Recently, we took a look at how to write a compelling case study. The ability to write a customer success story that motivates the reader to become a paying customer is a valuable strategy. But even the most incredible successes will fall flat when showcased in a poorly-written case study. Here, we’ll take a look at some of the most common case study mistakes – and how to avoid them.
#1 – Failing To Sell The Opportunity To The Customer
A case study benefits both you and your customer. You’ll benefit from having a piece of quality content that communicates the value of your products or services to prospects who are deep in the sales cycle. Your customer will benefit from the exposure; it’s a free promotional opportunity to get their name out there.
Convey that benefit to your customer when asking them to participate in your case study. Sell them on the opportunity to promote their own company. Get them excited about the exposure! Her excitement will come through in her story and quotes, which will ultimately influence the reader’s perspective.
#2 – Forgetting About The Reader
Your case study isn’t about you or your products. And even though it sounds counterintuitive, it’s not about your customer either.
It’s about the reader.
The reason you’re creating a customer success story is to reach the potential customers and influence their decision to buy from – or hire – your company. You may have the best products in your industry and your customer might have a fantastic story. But if you don’t connect with the reader, it’s all for nothing.
Ask yourself the following questions:
- who am I trying to reach with my case study?
- what problems are prospective customers trying to solve?
- how did your customer achieve success with your solution?
- what does your prospect need to make a buying decision?
Use the answers to those questions to guide you as you write the case study for your reader.
#3 – Making It Hard To Read Quickly
Think about how you read online. If you’re like most people, you skim it until you find something that interests you. Then, you focus.
That’s how a lot of people are going to read your case study. They’re not going to read it as if they’re curled up with their favorite novel. They’ll skim it, looking for clues of important information in your headlines, subheadings, bullet points, and customer quotes.
That means you need to write your case study so that it caters to skimmers. For example, your customer’s story should come through in your subheadings. Your main message – the key takeaway – should be conveyed by your headline. And your pull quotes should describe advantages your customer enjoyed by using your product.
Make your case study easy to skim. That way, it will hold the attention of both skimmers and readers.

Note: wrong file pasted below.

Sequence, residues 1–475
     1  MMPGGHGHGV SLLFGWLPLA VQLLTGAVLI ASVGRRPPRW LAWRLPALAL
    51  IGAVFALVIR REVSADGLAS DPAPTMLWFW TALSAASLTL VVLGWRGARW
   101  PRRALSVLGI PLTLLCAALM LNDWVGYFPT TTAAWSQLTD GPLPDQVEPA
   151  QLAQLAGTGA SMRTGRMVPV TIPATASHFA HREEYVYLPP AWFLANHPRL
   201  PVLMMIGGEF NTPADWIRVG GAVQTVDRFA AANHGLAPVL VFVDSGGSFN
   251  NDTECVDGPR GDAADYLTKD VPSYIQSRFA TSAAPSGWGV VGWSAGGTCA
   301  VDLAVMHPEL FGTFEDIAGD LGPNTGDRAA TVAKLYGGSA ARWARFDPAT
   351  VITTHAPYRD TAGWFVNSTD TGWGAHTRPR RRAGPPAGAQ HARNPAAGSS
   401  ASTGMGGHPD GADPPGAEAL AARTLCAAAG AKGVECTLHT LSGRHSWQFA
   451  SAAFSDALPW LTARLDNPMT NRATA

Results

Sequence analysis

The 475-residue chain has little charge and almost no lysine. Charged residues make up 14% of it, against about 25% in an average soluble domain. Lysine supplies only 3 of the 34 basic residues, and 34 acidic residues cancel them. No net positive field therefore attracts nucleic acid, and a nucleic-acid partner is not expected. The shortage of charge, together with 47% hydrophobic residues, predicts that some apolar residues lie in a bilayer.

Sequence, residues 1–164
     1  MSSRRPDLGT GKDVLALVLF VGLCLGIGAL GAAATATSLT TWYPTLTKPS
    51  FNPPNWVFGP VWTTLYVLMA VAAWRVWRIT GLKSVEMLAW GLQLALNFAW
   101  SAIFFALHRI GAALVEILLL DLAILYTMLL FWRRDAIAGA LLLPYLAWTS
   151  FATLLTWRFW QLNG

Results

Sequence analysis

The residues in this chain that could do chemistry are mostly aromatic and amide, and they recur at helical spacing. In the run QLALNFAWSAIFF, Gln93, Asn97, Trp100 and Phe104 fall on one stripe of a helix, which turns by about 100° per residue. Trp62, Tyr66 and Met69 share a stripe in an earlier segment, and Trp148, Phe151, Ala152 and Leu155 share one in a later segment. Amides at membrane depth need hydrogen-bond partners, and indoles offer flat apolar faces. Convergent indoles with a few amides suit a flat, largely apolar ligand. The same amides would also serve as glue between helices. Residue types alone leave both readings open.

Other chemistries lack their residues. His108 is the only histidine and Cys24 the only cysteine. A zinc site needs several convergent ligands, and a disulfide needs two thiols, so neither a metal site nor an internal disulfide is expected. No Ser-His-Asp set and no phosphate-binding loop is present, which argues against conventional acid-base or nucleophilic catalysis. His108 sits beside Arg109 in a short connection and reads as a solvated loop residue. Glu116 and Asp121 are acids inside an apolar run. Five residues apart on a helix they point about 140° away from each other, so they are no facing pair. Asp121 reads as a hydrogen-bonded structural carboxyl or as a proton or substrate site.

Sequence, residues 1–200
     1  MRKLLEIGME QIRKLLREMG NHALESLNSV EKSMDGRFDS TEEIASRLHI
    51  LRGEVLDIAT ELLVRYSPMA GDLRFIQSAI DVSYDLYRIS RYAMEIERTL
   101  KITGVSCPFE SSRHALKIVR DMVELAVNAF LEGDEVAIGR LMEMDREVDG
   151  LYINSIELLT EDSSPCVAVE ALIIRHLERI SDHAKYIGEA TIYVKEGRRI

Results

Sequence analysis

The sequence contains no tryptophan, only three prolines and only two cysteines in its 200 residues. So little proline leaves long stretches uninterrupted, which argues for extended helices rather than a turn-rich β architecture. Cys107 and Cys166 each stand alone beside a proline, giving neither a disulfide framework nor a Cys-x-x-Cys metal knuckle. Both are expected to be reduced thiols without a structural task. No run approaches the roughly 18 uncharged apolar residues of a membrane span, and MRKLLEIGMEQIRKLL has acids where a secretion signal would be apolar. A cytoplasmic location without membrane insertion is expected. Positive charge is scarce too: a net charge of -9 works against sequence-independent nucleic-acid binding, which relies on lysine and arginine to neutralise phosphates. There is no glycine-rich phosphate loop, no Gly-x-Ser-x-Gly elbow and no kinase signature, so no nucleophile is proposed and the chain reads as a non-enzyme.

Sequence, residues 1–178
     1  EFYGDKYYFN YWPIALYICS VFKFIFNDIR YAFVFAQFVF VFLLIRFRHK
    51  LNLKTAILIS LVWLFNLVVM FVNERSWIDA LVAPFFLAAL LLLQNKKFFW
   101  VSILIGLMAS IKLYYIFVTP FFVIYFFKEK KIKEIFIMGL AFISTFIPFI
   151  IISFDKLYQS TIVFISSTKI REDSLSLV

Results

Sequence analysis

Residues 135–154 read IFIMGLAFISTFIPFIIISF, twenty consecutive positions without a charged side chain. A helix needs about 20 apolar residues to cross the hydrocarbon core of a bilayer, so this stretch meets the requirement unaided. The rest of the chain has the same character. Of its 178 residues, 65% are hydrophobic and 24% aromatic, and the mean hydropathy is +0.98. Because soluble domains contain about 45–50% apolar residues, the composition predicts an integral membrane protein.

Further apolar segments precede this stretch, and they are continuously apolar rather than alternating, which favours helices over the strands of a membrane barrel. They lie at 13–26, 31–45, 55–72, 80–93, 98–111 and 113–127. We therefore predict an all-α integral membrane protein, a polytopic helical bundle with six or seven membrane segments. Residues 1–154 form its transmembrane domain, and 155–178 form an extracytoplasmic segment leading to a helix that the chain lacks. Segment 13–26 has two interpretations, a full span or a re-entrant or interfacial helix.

#4 – Neglecting To Prepare For The Interview
Improvising the customer interview is a horrible way to create a case study. Seasoned interviewers may be able to come up with interesting and unique questions on the fly, but even they prepare ahead of time. Preparation is the best way to ensure the interview moves in the direction you need it to go.
Create a list of questions to ask your customer before you meet with them, email the customer the questions ahead of time, and record the interview so you can go back and pull exact language. Include open-ended questions that are likely to draw out quotes that readers will find interesting.
The better prepared you are for the interview, the smoother the interview will go and the better your results.
#5 – Failing To Uncover The Story Beneath The Story
Every customer’s story is unique. Every story has intriguing elements that lie beneath the results. If you can bring out those details, you’ll have a story angle for your case study that will set it apart from all the other marketing materials distributed in your industry.
It’s a matter of staying attentive to the information that your customer provides during the interview. A side comment, even one said in jest, may reveal the seeds of a story that can form the basis of your case study.
#6 – Forgetting To Include The Customer’s Results
Your reader, the one for whom you’re creating the case study, will want to see your customer’s results. That’s what will ultimately convince them to purchase your products. That means you need to encourage your customer to share actual, real results with you.
What details should you ask for? Ideally, you should be able to demonstrate how your product made a significant difference for your customer. For example, you might explain how they saw a 130% increase in operational efficiency after implementing your company’s solution. Or you might find that your customer’s gross revenues increased 200% after using your product.
Any hard numbers that support your main message can be valuable. Dollar figures and percentages are especially useful since most people understand them intuitively.
Case studies are fantastic marketing tools that can benefit you, your customer, and your prospects alike. People want to see real results from real people, and this is the ideal platform to provide that information. Avoid these 6 common mistakes to keep your case studies on point!
What other mistakes can you think of? What is your most common stumbling block when creating case studies? Tell us about your experiences by leaving a comment below!